Kuveloğlu Han in Tahtakale is an old Ottoman inn that historically serves only three types of artisanal pide, richly topped, and baked to perfection in their stone oven. You almost don’t notice this courtyard restaurant amid the run-down buildings in Tahtakale, a neighborhood waiting to be gentrified as soon as the right palms are greased. It takes a while before you get it, but it’s fully worth the wait: I had the tam karışık (half mince, half mixed) which is oval, not boat-shaped, almost like a richly topped Flammkuchen. Eat it by hand or use utensils, you’ll hesitate whether you should order another one.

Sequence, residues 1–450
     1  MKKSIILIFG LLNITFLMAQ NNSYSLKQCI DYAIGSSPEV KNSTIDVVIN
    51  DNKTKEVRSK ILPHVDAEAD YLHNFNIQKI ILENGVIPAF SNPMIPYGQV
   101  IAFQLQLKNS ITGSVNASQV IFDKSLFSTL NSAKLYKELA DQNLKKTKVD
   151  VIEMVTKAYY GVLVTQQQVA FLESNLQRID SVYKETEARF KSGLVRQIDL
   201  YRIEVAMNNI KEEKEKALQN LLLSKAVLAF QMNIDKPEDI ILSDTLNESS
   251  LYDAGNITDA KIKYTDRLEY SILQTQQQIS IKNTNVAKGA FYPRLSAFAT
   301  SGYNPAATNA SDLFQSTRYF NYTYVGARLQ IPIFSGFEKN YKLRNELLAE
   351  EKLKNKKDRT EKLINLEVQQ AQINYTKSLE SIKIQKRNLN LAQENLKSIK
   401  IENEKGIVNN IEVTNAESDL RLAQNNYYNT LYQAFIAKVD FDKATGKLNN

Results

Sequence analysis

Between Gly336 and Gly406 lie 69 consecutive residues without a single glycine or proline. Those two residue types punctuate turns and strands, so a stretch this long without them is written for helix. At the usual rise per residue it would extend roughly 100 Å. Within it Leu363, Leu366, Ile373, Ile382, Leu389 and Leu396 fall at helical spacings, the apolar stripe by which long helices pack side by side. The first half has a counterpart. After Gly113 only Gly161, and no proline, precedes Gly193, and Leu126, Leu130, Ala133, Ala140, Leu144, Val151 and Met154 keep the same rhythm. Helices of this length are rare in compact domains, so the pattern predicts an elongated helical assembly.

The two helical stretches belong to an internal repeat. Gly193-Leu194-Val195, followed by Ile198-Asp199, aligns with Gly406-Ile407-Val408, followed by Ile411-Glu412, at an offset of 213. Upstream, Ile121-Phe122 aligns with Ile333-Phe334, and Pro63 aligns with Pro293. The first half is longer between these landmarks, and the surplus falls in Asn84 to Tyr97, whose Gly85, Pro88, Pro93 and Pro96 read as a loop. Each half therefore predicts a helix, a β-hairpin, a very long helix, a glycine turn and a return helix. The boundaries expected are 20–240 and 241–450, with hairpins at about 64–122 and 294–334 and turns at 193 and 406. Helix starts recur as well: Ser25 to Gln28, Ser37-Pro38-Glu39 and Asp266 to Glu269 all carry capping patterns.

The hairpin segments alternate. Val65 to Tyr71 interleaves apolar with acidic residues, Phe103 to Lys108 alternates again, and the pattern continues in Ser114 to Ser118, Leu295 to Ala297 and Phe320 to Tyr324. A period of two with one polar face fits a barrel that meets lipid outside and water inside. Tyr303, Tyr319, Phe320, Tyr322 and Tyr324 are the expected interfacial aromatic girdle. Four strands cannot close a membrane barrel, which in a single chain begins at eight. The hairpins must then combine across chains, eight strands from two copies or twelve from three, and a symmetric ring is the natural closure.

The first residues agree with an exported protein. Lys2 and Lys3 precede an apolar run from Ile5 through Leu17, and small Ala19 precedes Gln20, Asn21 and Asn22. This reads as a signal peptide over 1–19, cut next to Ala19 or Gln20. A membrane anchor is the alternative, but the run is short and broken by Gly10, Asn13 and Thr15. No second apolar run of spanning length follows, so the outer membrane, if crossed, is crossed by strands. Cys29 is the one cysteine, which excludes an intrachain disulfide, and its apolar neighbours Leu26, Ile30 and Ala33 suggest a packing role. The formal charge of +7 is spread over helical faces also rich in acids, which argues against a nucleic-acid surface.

Restaurant Shenashil in Yusufpaşa brings all the Iraqi goodies to the table, and if you call half a day ahead, actual, real masgouf – the signature Iraqi seasoned, grilled carp. My Iraqi father-in-law became visibly emotional when he had masgouf for the first time after 30 years. There are a number of Uyghur restaurants in Fatih, mostly due to their flight from the cultural genocide China is carrying out. Admittedly, I haven’t tried them all, but Tarhan in Yusufpaşa was a really excellent place that went easy on the senses: it had great indirect lighting, no music, which was a relief, and offered incredibly fresh laghman (hand-pulled noodles topped with roast vegetables and chicken or meat), manta (steamed dumplings filled with minced meat), and pilav with fried carrots and roast meat. Order a variety of dishes and tuck in.